the step of disposing the first developed image on the image receptor comprises disposing a plurality of first developed images each over one of the patches, with each of the first developed images having a different toner density; and
the step of measuring the toner density comprises measuring the toner density of each of the first developed images over each of the patches.
10. The method of claim 9 and further comprising:
comparing the measured toner densities of each the plurality of first developed images to a reference; and
selecting the one of the plurality of first developed images and the associated toner density that is closest to the desired toner density.
11. The method of claim 9, wherein the toner densities of the plurality of first developed images is less than a desired toner density in the step, and further comprising extrapolating the measured toner density data to define the thickness of the toner that will provide a desired toner density at a thickness greater than the thickness of the toner on the plurality of first developed images.
12. A method for measuring toner density in an electrophotographic print engine, comprising:
providing a photoconductive belt;
providing an image receptor;
exposing and developing a first image on the photoconductive belt with a first toner;
transferring the first image from the photoconductive belt to the image receptor;
exposing and developing a second image on the photoconductive belt with a second toner, the first toner having higher reflective properties than the first toner;
transferring the second image from the photoconductive belt to the image receptor such that a portion of the second image overlaps the first image;
irradiating the overlapping portion of the first and second images with light at a predetermined frequency;
detecting light reflected from the surface of the overlapping portion of the first and second images; and
determining the density of the second toner in the second image by comparing the level of the detected light with a known reference.
13. The method of claim 12 wherein the step of exposing and developing the second image on the photoconductive belt comprises:
charging the surface of the belt to a predetermined voltage level in the area on which the second image is to be exposed and developed;
exposing the belt with a light source to define a latent image on the surface of the photoconductive belt; and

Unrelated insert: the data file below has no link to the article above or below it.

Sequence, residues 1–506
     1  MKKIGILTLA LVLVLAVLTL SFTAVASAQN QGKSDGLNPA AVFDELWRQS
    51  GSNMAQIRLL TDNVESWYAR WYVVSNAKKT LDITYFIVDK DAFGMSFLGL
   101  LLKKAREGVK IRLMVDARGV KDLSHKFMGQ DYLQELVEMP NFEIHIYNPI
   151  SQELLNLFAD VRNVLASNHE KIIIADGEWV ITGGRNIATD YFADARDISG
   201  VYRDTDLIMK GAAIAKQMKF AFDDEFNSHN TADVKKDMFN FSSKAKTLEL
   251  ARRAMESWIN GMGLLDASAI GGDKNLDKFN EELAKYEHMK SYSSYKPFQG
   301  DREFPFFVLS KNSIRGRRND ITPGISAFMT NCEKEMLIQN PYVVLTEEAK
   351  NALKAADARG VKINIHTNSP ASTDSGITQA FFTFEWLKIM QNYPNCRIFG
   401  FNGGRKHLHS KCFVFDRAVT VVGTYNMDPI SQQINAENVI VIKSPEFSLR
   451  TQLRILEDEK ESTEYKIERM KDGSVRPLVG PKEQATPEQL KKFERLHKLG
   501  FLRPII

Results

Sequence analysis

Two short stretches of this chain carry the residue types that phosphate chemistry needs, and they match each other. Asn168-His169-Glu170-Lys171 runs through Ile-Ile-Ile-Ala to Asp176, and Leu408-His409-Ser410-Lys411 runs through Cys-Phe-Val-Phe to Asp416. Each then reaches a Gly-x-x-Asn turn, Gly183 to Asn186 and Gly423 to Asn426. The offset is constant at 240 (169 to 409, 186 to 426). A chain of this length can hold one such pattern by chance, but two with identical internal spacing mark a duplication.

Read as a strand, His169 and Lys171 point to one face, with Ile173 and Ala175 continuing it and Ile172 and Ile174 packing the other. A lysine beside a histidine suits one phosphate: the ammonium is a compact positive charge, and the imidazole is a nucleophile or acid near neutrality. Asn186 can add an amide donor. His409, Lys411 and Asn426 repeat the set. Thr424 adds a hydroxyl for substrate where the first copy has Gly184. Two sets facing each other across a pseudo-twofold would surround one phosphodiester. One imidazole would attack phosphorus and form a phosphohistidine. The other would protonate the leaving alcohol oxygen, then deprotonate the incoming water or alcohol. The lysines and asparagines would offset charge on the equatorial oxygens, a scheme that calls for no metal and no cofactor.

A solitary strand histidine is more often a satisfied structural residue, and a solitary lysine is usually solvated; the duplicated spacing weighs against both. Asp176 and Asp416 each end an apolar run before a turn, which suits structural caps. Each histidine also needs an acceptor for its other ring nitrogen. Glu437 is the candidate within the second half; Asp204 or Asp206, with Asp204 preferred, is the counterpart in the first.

developing the latent image with the second toner to form the second image, the toner density of the second toner in the developed second image being a function of the voltage to which the photoconductive belt is charged.
14. The method of claim 13, wherein:
the step of charging the photoconductive belt to a predetermined voltage comprises charging the photoconductive belt to a plurality of different voltages on different regions of the photoconductive belt such that the toner density at each of the different regions will vary and wherein the second developed image overlaps at least a portion of the first developed image at each of the different regions when the first developed image and second developed image are transferred to the image receptor; and
the step of detecting the light reflected from the second developed image comprises detecting the light reflected from the surface of the second developed image that overlaps the first developed image in each of the regions; and
the step of determining comprising determining the toner density of the second toner in the second developed image at each of the regions.
15. The method of claim 14 and further comprising:
comparing the determined toner densities with a reference and determining a desired toner density and the associated desired voltage that is required to be disposed on the photoconductive belt to provide the desired toner density; and
storing information regarding the desired voltage to which the photoconductive belt is to be charged to provide the desired toner density.
16. The method of claim 13 and further comprising determining the voltage to which the photoconductive belt must be charged to provide a predetermined toner density when developing a latent image with the second toner, the step of determining including extrapolating the measured toner density and associated voltage to determine the voltage on the photoconductive belt necessary to provide the predetermined toner density.
17. The method of claim 13 wherein the first toner is yellow and the second toner is black.
18. The method of claim 13 wherein the portion of the second image overlapping the first image on the image receptor has a plurality of voids disposed therein to expose the surface of the underlying first image.
19. A method for measuring toner density in an electrophotographic print engine, comprising: